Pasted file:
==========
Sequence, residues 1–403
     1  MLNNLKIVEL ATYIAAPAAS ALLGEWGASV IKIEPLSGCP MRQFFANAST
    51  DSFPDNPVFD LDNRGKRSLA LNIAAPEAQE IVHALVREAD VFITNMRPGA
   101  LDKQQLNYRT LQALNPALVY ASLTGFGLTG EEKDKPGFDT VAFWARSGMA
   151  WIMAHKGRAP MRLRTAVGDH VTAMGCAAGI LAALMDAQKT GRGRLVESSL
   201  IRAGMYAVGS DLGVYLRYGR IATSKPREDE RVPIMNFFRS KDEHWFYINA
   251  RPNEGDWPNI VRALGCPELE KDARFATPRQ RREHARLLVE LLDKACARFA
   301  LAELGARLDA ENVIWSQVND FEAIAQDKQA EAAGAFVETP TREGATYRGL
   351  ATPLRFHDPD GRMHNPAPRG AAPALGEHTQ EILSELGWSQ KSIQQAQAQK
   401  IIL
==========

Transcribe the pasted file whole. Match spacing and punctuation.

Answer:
Sequence, residues 1–403
     1  MLNNLKIVEL ATYIAAPAAS ALLGEWGASV IKIEPLSGCP MRQFFANAST
    51  DSFPDNPVFD LDNRGKRSLA LNIAAPEAQE IVHALVREAD VFITNMRPGA
   101  LDKQQLNYRT LQALNPALVY ASLTGFGLTG EEKDKPGFDT VAFWARSGMA
   151  WIMAHKGRAP MRLRTAVGDH VTAMGCAAGI LAALMDAQKT GRGRLVESSL
   201  IRAGMYAVGS DLGVYLRYGR IATSKPREDE RVPIMNFFRS KDEHWFYINA
   251  RPNEGDWPNI VRALGCPELE KDARFATPRQ RREHARLLVE LLDKACARFA
   301  LAELGARLDA ENVIWSQVND FEAIAQDKQA EAAGAFVETP TREGATYRGL
   351  ATPLRFHDPD GRMHNPAPRG AAPALGEHTQ EILSELGWSQ KSIQQAQAQK
   401  IIL